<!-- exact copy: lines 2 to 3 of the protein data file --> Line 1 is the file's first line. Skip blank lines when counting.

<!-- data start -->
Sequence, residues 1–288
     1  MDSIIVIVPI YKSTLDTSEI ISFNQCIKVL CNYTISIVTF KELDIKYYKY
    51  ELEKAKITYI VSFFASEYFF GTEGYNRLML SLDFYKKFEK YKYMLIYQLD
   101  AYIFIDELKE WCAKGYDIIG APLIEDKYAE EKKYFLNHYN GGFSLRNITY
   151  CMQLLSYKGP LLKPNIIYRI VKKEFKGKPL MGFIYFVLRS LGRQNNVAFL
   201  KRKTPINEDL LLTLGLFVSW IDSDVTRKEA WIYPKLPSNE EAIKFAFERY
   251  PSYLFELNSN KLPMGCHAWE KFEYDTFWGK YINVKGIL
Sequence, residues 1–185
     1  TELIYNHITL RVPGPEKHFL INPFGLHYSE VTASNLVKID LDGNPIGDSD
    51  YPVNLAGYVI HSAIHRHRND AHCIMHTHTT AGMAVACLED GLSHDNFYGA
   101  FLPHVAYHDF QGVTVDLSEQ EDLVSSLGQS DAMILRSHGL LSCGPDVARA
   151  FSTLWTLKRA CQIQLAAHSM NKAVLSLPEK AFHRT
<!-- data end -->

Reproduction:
     1  MDSIIVIVPI YKSTLDTSEI ISFNQCIKVL CNYTISIVTF KELDIKYYKY
    51  ELEKAKITYI VSFFASEYFF GTEGYNRLML SLDFYKKFEK YKYMLIYQLD